Federal cybersecurity experts explained at a Nov. 8 ATARC event that the road to zero trust security is a long and often bumpy journey that their agencies are still learning to navigate, despite some being in the game for several years now.
Prioritizing certain pillars of zero trust security architecture over others is critical, said Miguel Adams, chief information security officer (CISO) at Millennium Challenge Corporation (MCC). “Don’t boil the ocean. This is a journey,” he advised.
Since MCC is still a relatively new Federal agency, Adams said, the organization is still in its educating and collaborating phase. MCC is teaching the vernacular of zero trust before jumping feet-first into implementing the security framework.
While the Department of Homeland Security (DHS) has been on its zero trust journey since 2017, the agency is still learning from its mistakes, said Shane Barney, CISO at the DHS United States Citizenship and Immigration Services (USCIS) component.
His advice to other agencies getting their foot in the door with zero trust is to start at the beginning and take it slow to make sure every step is executed properly – like identity and access, for example.
“If I were going to advise any of the Federal agencies I would say first invest in the basics,” Barney said. “Then invest heavily in your automation.”
“[Next], go to the cloud,” he continued, “My final word of advice is it really is a journey.”
“[USCIS is] probably further along than other Federal agencies, not because we’re so much smarter, but because we got forced into cloud, and technology forced us down that road. And we’ve made a lot of mistakes along the way,” Barney said. “Learning from those mistakes is really critical, so reach out to your Federal partners.”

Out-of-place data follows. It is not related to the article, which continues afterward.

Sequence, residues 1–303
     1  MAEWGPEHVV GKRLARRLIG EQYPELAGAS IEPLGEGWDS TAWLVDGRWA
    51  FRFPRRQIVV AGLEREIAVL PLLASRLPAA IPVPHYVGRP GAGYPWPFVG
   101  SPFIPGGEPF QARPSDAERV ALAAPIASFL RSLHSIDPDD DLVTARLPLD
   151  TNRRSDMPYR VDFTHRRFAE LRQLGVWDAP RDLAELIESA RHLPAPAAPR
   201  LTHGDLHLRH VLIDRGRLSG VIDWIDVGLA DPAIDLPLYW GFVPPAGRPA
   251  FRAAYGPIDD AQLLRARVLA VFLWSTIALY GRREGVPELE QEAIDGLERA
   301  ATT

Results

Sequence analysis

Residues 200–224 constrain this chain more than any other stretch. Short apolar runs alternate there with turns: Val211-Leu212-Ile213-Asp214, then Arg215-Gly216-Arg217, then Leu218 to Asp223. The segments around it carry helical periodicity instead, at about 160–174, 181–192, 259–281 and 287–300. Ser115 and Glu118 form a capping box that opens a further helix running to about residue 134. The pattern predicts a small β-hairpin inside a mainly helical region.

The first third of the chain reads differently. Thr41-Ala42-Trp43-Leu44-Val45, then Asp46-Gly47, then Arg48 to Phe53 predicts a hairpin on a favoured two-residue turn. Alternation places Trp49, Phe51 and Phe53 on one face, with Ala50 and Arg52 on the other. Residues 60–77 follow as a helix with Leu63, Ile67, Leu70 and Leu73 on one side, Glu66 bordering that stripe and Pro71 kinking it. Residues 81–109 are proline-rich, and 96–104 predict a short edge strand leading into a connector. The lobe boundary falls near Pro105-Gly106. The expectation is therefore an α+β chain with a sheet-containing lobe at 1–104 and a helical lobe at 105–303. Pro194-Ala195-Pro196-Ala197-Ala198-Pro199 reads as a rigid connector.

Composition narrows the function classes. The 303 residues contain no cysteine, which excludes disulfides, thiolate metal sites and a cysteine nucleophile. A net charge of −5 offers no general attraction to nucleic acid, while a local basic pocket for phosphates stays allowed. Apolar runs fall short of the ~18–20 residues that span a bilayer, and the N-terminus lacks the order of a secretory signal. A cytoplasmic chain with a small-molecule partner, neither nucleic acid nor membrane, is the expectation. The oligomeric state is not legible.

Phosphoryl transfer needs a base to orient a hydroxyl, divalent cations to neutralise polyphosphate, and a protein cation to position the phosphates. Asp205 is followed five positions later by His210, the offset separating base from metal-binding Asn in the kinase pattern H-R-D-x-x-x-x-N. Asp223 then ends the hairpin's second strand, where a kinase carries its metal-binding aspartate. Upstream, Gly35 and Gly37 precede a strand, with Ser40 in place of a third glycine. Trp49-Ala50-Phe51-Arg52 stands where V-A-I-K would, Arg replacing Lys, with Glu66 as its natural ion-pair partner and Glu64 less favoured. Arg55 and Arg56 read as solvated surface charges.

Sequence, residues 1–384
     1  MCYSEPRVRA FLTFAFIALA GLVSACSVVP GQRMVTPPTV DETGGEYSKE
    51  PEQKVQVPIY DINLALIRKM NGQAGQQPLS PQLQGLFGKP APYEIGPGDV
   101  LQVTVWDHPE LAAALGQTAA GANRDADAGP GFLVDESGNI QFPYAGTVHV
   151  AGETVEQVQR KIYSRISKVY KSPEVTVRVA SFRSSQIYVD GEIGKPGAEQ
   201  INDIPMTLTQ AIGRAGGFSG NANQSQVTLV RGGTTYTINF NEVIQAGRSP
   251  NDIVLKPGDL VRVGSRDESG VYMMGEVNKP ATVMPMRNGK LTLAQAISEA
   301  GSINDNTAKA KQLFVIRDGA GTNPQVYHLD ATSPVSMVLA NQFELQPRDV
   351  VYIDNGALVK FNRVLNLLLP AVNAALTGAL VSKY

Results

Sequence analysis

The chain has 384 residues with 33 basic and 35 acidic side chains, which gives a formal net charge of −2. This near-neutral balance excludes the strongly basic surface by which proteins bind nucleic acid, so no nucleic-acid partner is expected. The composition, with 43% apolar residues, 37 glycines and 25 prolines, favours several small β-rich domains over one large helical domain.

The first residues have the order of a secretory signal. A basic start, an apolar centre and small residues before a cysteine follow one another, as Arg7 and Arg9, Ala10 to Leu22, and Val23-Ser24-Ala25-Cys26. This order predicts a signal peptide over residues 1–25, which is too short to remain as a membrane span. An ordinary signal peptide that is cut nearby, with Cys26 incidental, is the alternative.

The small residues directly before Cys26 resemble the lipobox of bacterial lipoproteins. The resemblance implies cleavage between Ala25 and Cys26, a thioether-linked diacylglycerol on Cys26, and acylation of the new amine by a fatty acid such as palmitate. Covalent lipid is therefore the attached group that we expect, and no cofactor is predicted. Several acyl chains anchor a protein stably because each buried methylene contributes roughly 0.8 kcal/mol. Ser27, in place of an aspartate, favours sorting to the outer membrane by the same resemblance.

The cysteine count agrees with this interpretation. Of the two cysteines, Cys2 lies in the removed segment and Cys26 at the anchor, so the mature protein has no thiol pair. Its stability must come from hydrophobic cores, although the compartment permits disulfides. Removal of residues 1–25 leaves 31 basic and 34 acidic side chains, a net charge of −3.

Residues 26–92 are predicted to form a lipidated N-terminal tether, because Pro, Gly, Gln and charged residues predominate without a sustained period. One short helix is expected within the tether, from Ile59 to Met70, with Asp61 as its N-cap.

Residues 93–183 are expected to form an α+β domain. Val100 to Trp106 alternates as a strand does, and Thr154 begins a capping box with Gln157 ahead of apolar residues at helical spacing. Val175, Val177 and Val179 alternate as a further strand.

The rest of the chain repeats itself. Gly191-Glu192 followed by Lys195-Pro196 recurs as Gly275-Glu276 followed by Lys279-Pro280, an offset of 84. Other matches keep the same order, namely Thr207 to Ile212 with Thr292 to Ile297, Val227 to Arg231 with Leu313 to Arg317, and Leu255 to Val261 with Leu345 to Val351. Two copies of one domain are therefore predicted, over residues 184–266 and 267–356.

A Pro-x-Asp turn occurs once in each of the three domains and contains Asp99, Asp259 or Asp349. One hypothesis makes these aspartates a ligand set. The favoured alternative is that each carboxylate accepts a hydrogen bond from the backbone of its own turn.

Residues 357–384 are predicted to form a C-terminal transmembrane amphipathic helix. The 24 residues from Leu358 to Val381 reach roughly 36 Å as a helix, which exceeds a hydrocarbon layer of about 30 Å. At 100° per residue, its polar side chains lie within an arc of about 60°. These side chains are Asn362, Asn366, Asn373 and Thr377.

Alyssa Feola, cybersecurity advisor for the General Services Administration’s (GSA) Technology Transformation Services (TTS) organization, offered that the road to zero trust can be viewed on a spectrum, and currently, the Federal government has fallen somewhere in the middle.
“It’s a spectrum,” Feola said. “[USCIS has] been doing this for a long time, and still have low-hanging fruit.”
In other words, the journey is going to be long and it’s not going to be easy, but it’s critical in the modern technology and security age.
Feola’s job at GSA is to help change existing government-wide technology policies so Federal employees aren’t as restricted when it comes to implementing cybersecurity changes like the move to zero trust architectures. It’s a continuous process she is actively engaged in, so the cyber expert is hopeful Feds will make significant strides with zero trust over the next five years – or even less.
“Understand that we’re in this chasm of maturity and immaturity all at once, and that zero trust is just cyber hygiene rebranded, but playing catch-up is the new thing,” Feola said.
“It’s an odd space to be in,” she continued, “I don’t think we’re going to be here for long.”